It has been nearly one year since Mom and I began this blog. Time flies when you are having fun, yea right. (just a few days early because we will be leaving on vacation soon)

During this last year there has been a lot of water under the bridge. We have had our trials, literally and figuratively, many of you have been so helpful that words cannot express our appreciation. The reality is we feel selfish because we have taken so much from this blog and with all of the wisdom you have shared with us I am not sure we can repay you all in any way.

It's never going to be over. That is a tough realization. The best we can hope for it will be better, it will be different. As I look at my son today in comparison to one year ago I see the same body but I am hoping for the lasting change that allows him to grow. Today he is clean. That is now something I appreciate, the little things like that and life have different meaning today than they did in Jan. of 2009. There was no assurance when we started this blog that we would reach this day. As we look in the mirror we can now talk about this without breaking into tears, we have learned to handle our pain.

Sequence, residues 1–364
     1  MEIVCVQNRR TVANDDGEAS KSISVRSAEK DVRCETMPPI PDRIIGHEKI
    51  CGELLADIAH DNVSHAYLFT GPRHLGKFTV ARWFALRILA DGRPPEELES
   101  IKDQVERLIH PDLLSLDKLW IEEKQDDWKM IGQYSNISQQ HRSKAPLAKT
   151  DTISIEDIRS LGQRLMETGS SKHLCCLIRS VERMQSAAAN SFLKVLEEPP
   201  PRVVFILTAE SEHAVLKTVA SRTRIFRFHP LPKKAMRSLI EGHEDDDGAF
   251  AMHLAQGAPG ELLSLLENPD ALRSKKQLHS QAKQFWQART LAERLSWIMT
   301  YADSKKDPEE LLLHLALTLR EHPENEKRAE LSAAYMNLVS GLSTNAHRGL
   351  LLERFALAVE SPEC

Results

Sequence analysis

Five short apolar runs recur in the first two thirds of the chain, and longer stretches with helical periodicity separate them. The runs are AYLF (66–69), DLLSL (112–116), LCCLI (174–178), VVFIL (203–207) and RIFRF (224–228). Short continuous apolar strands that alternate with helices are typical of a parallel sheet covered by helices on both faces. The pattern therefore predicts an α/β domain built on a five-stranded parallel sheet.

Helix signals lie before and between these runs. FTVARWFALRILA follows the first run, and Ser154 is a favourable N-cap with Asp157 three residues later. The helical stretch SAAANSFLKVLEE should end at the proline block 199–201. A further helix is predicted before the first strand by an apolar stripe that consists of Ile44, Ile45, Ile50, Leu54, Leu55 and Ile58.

During this last year I have seen readers, commenter's and whole blogs come and go. There is a life cycle to this maybe one day our blog may fade but for right now it is providing much needed therapy for the writers so we will continue. Plus, unfortunately there are new children becoming addicted every single day. Somewhere there is another parent feeling the hurt and anguish of this terrible disease. I know I don't have the answers but if our little blog helps a few others then it is a small effort for us.